Dennis Yu: [00:16:58] I’m sure there are certain situations and those listening there’s certain things that you say all the time that you just have to repeat to people to explain what you do to explain what you offer to explain you know to tell a particular story. You can take that and systematize it and that’s mentorship. You know education and mentorship are really the same thing. And I believe all marketing is giving way to mentorship. That’s why people are selling courses. Why. Because when you have a course it conveys authority versus you know just buying someone and trying to like cold call and mass spam and that kind of thing. People are too smart for that because it’s too noisy out there. So for me I was just lucky because my focus on mentorship and training and giving back and everything that I’ve learned I want to get back to other folks like young adults and veejays and returning missionaries in the church and what have you. Like that’s just been a natural thing that I’ve been doing the last 20 something years before this whole. Personal Branding, life coaching everyone is successful. You know selling courses I mean just like there’s all this stuff now it’s a fad right.
Dennis Yu: [00:18:00] Influencer marketing. They’re all really the same thing. Or the people that you should listen to. There’s a lot of people yelling their talking heads. Lot of people beating their chests and that the thing is without naming anybody. There’s a ton of them where all you see is them and if all you see is them then you got to wonder is there any mentorship is there. Because if they had a system that the stuff they’re promising that’s going to change your life and you’re going to make $10,000 a month by tomorrow or whatever get rich quick. Lose weight quickly whatever it is they’re promising. If that truly worked then you would see the stories of their people without them needing to ever beat their own chest. That’s why I say you should never work on your own personal brand because other people should be building it for you. The proof should be other people that are following your process. That’s why we have folks like Logan on our team 18 months ago he was working at Pizza Hut delivering pizzas and now he’s an international speaker and he’s hanging out. Mark Zuckerberg and all of us you know got pictures and videos and all the sorts of things because there he is one of the folks that I mentor and I’d love to see his growth and the people that mentored me they love to see my growth.
Dennis Yu: [00:19:06] You know these guys who have a lot of money and are successful in all this like they’re they’re not interested in trying to compete with me. Right. They already have all these things they don’t need to show anything off. So anyone that’s asking you for money and mentorship. Runaway as fast as possible. Anyone where all you see is them talking about themselves. Runaway as fast as possible. Right. You want to see documented proof against the thing that you want. They should be willing to share it. It shouldn’t smell like a commercial. It shouldn’t be based on their lifestyle. I know people I know many billionaires and I know they value their privacy. They they’re not out there flaunting their stuff. Right. Like Steve Forbes he calls his plane the name of his plane is the capitalist tool. Why. Because it saves time. Not because it’s a luxury private jet right. I flew on the private jet for Frito-Lay and you know it’s all real fancy it’s a G-5. And you know you go inside and it looks like you’d imagine it to look and then you open up the cabinets. This freaking lays potato chips and Cheetos and such like. Yup makes a lot of sense. Right.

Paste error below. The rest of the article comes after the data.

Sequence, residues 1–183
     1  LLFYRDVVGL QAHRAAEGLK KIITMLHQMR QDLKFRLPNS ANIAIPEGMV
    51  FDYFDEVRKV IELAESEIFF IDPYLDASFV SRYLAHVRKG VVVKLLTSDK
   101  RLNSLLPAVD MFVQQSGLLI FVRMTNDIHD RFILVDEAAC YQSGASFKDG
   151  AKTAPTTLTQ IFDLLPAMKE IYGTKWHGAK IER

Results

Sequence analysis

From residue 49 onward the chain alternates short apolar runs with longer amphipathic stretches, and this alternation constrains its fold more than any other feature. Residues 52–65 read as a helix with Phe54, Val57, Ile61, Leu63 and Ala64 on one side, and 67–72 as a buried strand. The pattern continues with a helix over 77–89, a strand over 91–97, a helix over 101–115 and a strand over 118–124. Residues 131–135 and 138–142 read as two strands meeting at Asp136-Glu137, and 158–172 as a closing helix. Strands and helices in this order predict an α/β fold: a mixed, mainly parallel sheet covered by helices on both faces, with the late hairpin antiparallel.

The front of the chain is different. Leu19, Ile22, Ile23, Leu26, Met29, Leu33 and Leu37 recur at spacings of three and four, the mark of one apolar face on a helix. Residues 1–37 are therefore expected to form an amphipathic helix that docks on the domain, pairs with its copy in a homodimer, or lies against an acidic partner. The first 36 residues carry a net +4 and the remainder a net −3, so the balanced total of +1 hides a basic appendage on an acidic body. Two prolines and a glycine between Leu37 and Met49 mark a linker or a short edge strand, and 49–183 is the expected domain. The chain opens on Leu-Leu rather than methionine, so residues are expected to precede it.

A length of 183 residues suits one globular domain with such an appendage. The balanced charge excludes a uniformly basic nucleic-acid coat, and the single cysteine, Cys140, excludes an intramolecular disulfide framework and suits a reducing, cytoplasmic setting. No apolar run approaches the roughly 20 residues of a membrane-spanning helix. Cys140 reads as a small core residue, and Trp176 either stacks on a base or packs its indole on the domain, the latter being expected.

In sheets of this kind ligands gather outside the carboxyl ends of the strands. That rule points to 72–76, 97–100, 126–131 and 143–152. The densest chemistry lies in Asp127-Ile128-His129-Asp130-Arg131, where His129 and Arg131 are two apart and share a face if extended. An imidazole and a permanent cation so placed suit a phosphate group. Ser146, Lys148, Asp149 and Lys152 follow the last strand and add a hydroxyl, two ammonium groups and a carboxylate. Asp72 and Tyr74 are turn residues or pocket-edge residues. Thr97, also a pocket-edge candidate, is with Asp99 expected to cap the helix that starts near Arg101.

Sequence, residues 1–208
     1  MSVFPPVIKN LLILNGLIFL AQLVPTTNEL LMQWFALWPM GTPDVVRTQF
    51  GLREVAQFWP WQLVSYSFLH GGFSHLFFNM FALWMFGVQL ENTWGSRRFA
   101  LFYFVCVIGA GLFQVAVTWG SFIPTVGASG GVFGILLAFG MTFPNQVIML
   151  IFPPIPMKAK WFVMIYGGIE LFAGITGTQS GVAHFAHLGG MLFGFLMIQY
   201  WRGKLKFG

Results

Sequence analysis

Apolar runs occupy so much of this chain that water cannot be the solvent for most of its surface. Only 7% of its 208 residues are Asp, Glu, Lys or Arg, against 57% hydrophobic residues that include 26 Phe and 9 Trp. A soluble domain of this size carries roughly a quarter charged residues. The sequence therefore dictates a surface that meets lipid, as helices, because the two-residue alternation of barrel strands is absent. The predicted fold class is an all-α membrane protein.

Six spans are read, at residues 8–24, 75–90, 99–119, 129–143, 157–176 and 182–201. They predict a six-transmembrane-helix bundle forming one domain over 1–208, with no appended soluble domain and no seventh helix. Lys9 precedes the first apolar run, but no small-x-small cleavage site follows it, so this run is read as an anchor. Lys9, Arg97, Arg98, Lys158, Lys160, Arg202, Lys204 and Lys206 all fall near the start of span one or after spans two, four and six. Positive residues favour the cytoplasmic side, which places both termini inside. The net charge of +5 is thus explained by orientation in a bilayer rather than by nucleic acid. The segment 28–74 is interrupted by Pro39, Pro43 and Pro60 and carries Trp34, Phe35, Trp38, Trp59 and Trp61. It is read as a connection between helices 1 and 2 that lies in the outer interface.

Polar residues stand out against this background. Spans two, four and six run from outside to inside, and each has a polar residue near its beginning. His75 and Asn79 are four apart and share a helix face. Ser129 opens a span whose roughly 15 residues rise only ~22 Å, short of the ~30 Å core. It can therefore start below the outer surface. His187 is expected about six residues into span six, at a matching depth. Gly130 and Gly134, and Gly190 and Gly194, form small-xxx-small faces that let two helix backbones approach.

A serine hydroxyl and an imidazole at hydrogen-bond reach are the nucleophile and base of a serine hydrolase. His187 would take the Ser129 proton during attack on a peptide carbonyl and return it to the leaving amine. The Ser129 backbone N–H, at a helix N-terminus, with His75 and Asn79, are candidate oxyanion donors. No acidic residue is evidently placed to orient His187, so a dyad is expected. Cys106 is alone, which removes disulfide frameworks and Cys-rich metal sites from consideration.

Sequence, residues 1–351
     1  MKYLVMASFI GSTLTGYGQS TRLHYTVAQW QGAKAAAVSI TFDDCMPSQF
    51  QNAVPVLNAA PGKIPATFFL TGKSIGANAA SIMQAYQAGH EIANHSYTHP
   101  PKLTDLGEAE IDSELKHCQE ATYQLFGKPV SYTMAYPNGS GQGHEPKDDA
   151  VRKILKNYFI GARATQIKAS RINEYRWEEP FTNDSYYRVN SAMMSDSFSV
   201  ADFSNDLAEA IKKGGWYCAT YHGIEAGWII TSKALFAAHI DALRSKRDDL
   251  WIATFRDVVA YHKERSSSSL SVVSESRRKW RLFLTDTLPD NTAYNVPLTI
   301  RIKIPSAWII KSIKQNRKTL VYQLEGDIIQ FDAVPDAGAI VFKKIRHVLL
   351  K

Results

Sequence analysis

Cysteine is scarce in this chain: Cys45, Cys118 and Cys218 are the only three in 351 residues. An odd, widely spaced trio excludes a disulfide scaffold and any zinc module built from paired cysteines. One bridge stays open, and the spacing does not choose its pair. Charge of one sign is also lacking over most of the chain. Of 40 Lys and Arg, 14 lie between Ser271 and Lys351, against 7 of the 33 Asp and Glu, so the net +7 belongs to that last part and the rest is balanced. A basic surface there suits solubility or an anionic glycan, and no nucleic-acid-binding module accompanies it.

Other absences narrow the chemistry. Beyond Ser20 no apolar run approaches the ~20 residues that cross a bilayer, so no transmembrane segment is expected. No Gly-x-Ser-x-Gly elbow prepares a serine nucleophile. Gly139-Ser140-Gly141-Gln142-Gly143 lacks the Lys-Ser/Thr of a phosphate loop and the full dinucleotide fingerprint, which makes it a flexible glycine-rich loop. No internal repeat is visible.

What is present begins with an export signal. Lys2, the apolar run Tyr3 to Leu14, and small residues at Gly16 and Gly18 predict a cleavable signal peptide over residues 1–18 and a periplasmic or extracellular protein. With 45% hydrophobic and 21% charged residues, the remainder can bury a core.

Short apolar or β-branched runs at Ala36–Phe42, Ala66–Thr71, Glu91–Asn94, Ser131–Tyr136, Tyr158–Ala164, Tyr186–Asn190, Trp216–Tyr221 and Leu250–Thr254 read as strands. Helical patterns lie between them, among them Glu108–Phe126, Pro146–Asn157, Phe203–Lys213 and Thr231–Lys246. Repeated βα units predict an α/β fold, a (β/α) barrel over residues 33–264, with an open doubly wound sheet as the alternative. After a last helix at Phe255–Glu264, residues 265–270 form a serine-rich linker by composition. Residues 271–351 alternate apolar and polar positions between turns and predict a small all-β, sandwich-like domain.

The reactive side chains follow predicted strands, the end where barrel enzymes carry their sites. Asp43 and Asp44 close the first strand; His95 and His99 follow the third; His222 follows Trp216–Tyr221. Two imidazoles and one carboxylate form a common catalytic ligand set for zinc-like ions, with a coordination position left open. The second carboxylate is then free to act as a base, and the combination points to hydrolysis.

Jeremy Slate: [00:20:10] But that’s the same reason like this past weekend I had an event in Boston. And rather than flying there from New Jersey because of the waste time here at the airport and everything else you know saves more time to drive to the airport because like you’re saying How do you value your time.
Dennis Yu: [00:20:22] Right. And it’s all about time and mentors. That’s what they give you. And then you give them back.
Jeremy Slate: [00:20:28] And I think that kind of really ties in very well to a really great YouTube video that you had sent me of a talk you did recently where you talked about one of the values that a new employee doesn’t really get is the training they get when they when they come on board. And I think that’s something like for me I’ve used a lot of interns and what I’ve done because I’m able to train them to do a lot of different things and they’re very proficient. You know once they’ve left working for me because of the value of the training and I think that is something that totally gets passed over when they’re like oh well I’m worth $20 an hour I’m worth $100 an hour and they don’t realize the value of what they’re actually getting to the experience what you’re teaching them.